Next Move After the Solar Sell-off

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by Debra Fiakas CFA

opel solar concentrator.png
Image: Opel Technologies

After a string of high profile bankruptcies, solar cell producers have taken some material hits in recent months.  Out of a group of three dozen public solar cell and module producers listed and trading in the U.S. only three reported profits.  The group is trading on average at 29% of 52-week highs.  This looks like a corrected sector to me!  What is the next move?

Crystal Equity Research has a buy recommendation on GT Advanced Technologies, Inc. (GTAT:   Nasdaq)  –  one of the three in the group to consistently report profits.  GTAT shares are trading at 5.8 times trailing earnings, while the average of the three profitable solar producers is 7.8 times earnings.  GTAT is also trading off its own average price-earnings multiple of 8.8 times established over the four years since the company achieved profitability.

Maybe you are one of those “glass half empty” investors who believe even a strong company like GT Advanced Technology is not impervious to the stresses of falling prices, oversupply and competitive pressures that hang over the solar cell industry. I thought it might be interesting to consider the other side of solar energy  –  solar concentrating energy  –  to see if its unique economics has sheltered the group from the sell off that has plagued photovoltaic producers.

Concentrated solar applications avoid the high costs of photovoltaic cells.  In the least, use of concentrated sunlight reduces the cost of solar power by requiring fewer photovoltaic cells to generate a given amount of electricity.  A concentrator makes use of relatively inexpensive materials, such as plastic lenses and metal housings, to capture the solar energy shining on a fairly large area and focus that energy onto a smaller area, where the solar cell is.   Solar concentrators can also be used for thermal solar applications for ambient air or water heating.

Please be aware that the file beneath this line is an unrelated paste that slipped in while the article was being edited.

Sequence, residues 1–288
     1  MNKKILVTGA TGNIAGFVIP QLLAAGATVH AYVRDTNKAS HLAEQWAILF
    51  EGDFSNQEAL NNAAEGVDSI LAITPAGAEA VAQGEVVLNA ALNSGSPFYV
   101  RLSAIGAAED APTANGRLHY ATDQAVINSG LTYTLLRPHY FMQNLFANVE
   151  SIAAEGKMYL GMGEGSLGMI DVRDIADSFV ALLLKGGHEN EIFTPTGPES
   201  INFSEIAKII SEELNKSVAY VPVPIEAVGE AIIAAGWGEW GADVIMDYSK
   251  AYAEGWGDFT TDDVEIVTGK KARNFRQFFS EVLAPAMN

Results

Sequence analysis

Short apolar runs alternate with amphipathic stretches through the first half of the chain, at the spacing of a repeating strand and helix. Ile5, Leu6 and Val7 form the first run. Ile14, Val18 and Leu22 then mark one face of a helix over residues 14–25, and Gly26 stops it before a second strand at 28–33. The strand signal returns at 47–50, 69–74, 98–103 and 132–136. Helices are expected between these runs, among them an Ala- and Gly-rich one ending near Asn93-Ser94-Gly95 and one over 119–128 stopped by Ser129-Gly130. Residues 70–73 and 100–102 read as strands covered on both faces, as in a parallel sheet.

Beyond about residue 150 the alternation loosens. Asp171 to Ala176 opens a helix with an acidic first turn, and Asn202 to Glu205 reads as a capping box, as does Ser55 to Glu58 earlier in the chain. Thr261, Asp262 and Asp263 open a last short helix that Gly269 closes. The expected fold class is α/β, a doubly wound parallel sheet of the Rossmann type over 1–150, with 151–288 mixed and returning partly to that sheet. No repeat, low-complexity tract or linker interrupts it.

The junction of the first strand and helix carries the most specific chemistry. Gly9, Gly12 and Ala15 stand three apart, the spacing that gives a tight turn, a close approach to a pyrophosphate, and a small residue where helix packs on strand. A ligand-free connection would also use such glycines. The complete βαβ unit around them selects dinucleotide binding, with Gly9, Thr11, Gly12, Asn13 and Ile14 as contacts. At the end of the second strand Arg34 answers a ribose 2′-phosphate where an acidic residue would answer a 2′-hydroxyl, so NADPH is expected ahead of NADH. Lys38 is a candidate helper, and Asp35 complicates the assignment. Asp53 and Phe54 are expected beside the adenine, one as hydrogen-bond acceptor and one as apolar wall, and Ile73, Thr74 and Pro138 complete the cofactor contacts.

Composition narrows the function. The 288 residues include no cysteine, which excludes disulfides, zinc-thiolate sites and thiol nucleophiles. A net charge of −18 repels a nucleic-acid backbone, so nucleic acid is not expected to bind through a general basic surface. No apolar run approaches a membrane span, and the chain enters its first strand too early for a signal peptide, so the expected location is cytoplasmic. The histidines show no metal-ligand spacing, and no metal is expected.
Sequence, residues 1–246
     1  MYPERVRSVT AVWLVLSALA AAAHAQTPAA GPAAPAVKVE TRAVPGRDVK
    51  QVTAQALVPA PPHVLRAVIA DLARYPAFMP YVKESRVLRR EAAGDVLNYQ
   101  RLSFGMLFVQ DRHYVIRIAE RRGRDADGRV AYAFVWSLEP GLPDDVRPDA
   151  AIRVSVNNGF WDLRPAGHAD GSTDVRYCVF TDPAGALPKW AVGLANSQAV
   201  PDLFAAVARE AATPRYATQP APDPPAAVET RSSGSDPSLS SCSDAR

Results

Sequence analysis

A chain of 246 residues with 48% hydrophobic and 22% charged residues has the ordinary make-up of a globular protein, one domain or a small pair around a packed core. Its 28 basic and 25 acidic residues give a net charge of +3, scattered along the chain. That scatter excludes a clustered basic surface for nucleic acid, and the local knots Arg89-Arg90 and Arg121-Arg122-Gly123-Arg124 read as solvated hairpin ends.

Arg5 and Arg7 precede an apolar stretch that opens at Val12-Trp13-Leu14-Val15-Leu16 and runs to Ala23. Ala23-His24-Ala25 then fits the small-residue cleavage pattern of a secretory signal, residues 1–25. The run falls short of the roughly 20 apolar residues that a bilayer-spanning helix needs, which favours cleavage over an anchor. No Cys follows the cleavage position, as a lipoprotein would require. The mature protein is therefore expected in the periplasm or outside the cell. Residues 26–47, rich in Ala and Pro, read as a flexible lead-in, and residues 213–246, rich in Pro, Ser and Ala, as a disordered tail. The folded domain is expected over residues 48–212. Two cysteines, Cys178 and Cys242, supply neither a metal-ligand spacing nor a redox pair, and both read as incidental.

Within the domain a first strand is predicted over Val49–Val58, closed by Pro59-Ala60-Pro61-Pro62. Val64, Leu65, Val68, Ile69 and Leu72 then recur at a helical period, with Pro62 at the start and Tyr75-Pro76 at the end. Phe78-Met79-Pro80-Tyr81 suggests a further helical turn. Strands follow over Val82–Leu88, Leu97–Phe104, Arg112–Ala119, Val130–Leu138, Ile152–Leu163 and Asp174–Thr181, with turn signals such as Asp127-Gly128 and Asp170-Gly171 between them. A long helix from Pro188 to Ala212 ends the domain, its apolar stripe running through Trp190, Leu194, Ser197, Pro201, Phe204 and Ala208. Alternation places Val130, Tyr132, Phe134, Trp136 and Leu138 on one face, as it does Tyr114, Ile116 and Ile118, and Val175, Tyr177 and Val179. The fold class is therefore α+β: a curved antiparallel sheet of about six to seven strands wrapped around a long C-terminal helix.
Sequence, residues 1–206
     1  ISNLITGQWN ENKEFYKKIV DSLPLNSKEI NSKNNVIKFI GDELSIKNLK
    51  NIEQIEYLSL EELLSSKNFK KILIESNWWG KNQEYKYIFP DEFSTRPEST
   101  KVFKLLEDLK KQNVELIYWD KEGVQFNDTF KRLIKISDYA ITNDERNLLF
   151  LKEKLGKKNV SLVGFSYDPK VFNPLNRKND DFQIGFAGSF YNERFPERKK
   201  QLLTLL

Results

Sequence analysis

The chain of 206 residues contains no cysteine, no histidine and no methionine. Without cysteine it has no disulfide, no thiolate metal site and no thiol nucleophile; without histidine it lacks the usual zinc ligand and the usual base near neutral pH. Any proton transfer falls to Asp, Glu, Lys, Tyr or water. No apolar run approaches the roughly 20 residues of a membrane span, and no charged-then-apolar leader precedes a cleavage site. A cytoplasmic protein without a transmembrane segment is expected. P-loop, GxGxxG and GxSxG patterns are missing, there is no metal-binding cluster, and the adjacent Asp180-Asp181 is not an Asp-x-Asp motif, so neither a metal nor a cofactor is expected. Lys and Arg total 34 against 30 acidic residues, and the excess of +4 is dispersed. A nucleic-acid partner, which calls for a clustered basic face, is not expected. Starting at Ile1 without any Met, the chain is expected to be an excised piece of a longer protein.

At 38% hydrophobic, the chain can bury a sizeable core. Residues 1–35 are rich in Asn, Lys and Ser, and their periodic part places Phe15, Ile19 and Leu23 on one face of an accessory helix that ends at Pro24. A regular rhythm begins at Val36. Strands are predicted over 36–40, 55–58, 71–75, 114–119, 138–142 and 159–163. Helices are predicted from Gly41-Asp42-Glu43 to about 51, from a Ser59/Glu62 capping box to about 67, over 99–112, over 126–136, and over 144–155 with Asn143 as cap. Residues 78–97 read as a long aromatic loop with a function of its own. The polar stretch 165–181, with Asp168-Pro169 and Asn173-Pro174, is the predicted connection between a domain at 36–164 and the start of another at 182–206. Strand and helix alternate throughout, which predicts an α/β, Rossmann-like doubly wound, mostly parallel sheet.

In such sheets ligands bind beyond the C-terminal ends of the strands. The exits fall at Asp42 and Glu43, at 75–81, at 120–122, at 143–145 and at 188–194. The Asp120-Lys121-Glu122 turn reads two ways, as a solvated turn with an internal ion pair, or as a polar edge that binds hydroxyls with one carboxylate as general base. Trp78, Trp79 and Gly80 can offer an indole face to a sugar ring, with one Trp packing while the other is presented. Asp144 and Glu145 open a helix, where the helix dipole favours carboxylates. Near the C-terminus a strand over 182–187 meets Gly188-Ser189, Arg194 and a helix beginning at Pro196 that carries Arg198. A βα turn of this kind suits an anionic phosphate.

The solar concentrating group is not large it is not certain that the group has been spared the solar sell off.  One in the group, Opel Technologies, Inc. (OPL: TSX) is located in Ontario, Canada where solar technologies still benefit from considerable government support and consumer interest.  The Canada Solar Industry Association (CanSIA) has forecast double digit growth in solar thermal units.  By 2020, when solar thermal has become mainstream, the group has forecast 500,000 square meters will be added per year.  This compares to about 120 square meters per year in the four years ending 2011.  CanSIA has also forecast that the Canadian solar photovoltaic market will grow steadily increasing from less than 500 MW per year between 2011 and 2015 to up to 1,000 MW per year 2016 to 2020.

Opel has a customer following, but has yet to report a profit.  Management recently secured a $5.0 million revolving line of credit to help support operations as sales ramp.  Working capital had been an issue in recent quarters as Opel struggled to ship its historic largest order of 4.6 MW of its TF-850 solar trackers to Global Energy Service USA.  That order was completed in the March 2012 quarter.

As the solar industry struggles to reduce costs, it stands to reason that the more successful in the group will turn to lower-cost solar concentrating technologies   –  even as simple as such technology might seem in comparison to solar cells.  It makes sense to include solar concentration properties like patent-rich Opel Technologies in a solar portfolio. 

Debra Fiakas is the Managing Director of Crystal Equity Research, an alternative research resource on small capitalization companies in selected industries. 

Neither the author of the Small Cap Strategist web log, Crystal Equity Research nor its affiliates have a beneficial interest in the companies mentioned herein. OPL is included in the Solar Concentrating Group in Crystal Equity Research’s Beach Boys Index.


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